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Update from the SBM Diabetes SIG

Caroline R. Richardson, MD, Diabetes SIG Liaison

The Diabetes Special Interest Group is a forum for Society of Behavioral Medicine members with an interest in the advancement of behavioral and psychological research in diabetes. This year has brought major changes to the SIG leadership team and we would first like to give a big thank you to Korey Hood, Jen Averyt and Todd Doyle for the leadership they have provided for the SIG in the past years.  This year's new SIG activities will be coordinated by

Caroline Richardson--Chair (caroli@umich.edu),
Barbara Stetson--Annual meeting coordinator (barbara.stetson@louisville.edu) and
Erin Alexis Olson--Student co-chair (olson29@illinois.edu)

The Diabetes SIG has started the planning and coordination process for next year’s SBM annual meeting.  One of our major initiatives will focus on implementation research for diabetes prevention.   Type 2 Diabetes is a preventable disease.  Multiple large randomized controlled trials have proven that type 2 diabetes can be prevented with lifestyle interventions.  The lifestyle change that is required is modest, resulting in a weight loss of just 7% of body weight or about 18 lbs for a 250 lb person. The impact is long lasting with a reduction in diabetes rates seen 10 to 20 years after the intervention ends.  The evidence is overwhelming and the benefits are substantial, but most high risk individuals are not aware of their risk status and do not have access to effective programs.

The CDC estimates that about 35% of American adults, or almost 80 million people, have pre-diabetes.  Because the scale of the epidemic is so large, individual counseling by a skilled behavioral interventionist can only work for a small minority of those in need.  To address problems of scale, cost and limited manpower, group based interventions with one lifestyle coach working with 10 to 20 per-diabetic clients in a group have been tested and shown to be effective.  Researchers are also testing automated, internet-mediated programs that can reach large numbers of patients at a low marginal cost or peer or lay-lead diabetes prevention group interventions to further decrease costs and expand reach.  While the limited number of skilled behavioral interventionists is an important implementation barrier, there are a number of other implementation road blocks that need to be overcome to reduce the incidence of diabetes.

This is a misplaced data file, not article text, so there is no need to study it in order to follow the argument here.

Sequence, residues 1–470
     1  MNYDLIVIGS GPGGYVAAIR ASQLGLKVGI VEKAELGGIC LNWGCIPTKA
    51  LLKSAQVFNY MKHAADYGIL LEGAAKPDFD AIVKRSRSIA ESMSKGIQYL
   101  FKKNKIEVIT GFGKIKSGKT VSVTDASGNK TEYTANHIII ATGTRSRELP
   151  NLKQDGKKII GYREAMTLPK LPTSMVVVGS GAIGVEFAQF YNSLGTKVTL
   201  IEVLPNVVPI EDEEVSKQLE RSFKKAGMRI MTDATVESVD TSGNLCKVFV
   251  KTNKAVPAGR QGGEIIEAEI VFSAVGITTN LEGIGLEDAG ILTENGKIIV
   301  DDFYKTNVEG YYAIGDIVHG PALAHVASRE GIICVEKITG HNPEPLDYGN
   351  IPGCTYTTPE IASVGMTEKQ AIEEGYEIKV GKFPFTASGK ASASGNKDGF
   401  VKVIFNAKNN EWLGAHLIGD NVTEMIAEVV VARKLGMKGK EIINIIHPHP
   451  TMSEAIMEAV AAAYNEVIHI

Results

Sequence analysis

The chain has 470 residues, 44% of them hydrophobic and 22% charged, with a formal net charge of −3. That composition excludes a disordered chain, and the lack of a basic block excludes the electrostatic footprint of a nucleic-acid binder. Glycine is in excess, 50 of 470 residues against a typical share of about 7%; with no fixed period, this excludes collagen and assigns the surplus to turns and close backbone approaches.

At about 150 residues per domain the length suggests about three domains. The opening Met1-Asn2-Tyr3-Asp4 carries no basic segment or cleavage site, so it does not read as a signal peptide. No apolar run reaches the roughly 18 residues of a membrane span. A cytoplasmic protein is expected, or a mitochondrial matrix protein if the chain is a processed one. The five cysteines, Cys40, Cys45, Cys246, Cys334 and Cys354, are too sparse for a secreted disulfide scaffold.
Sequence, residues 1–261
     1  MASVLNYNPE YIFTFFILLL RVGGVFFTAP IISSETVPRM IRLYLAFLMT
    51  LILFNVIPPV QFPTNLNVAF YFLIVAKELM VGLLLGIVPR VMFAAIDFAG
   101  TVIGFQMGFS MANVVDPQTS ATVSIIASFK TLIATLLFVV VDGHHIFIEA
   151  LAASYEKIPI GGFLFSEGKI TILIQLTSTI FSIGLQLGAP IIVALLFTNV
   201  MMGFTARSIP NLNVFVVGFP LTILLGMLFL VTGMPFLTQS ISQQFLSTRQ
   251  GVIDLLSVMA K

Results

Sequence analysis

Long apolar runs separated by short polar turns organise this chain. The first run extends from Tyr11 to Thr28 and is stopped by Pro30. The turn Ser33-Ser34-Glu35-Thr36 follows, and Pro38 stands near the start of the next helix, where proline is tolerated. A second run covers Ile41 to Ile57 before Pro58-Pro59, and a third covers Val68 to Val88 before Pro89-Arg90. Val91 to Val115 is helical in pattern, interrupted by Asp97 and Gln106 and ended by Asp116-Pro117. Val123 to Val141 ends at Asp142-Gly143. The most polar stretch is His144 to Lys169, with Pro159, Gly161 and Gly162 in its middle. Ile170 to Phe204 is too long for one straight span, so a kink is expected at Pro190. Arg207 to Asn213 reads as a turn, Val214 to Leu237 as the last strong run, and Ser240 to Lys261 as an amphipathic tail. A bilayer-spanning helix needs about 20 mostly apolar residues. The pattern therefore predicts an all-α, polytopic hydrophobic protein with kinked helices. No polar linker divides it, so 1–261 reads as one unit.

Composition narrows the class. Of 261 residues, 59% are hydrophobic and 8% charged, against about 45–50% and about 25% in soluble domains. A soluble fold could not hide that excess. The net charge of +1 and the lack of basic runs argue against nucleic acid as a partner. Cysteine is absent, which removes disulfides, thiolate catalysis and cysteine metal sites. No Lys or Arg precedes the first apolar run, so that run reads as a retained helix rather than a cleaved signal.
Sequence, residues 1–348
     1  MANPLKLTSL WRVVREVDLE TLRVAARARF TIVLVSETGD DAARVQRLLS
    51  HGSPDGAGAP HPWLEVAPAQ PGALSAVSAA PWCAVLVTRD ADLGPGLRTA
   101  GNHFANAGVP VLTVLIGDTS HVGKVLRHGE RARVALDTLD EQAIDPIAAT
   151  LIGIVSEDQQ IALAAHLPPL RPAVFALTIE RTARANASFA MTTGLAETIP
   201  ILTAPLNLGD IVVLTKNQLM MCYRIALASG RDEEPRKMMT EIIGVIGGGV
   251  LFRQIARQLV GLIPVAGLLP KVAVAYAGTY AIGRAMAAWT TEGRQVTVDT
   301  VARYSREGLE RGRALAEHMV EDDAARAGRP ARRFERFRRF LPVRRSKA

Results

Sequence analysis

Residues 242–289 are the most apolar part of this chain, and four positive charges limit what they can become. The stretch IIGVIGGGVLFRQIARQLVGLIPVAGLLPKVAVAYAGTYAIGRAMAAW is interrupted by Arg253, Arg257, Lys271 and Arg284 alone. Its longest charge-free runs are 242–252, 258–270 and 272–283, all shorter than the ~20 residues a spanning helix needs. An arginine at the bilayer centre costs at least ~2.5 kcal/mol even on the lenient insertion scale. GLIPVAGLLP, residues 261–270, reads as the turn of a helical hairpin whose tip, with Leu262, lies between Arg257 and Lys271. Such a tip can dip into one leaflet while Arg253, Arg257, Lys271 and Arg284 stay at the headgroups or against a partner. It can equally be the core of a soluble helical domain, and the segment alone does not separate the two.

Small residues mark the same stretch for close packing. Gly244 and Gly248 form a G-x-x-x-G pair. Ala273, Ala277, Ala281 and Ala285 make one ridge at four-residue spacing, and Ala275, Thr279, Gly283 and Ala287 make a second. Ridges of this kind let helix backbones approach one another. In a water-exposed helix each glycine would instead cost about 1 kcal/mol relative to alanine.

Traditional models of one-on-one counseling will need to be replaced by more scalable options including group based interventions, automated internet-mediated options and peer delivered interventions that can be delivered at scale. The CDC has launched the National Diabetes Prevention Program (NDPP, http://www.cdc.gov/diabetes/prevention/).  Materials and training to support diabetes prevention program development are available for free through the NDPP web site. Additionally, institutions that deliver diabetes prevention programs that are consistent with national guidelines can register their programs for recognition through the NDPP.

At the next SBM Annual Meeting, the Diabetes SIG hopes to highlight some of the implementation innovations lead by our members across the country.  If you are interested in presenting at the next SBM annual meeting on the topic of diabetes prevention implementation or any other topic related to diabetes, contact a member of the SIG leadership team or post a message to our list serve.

We hope that you will also post information on jobs, news, and updates of interest to our SIG. Send a message to diabetes@list.sbm.org to post.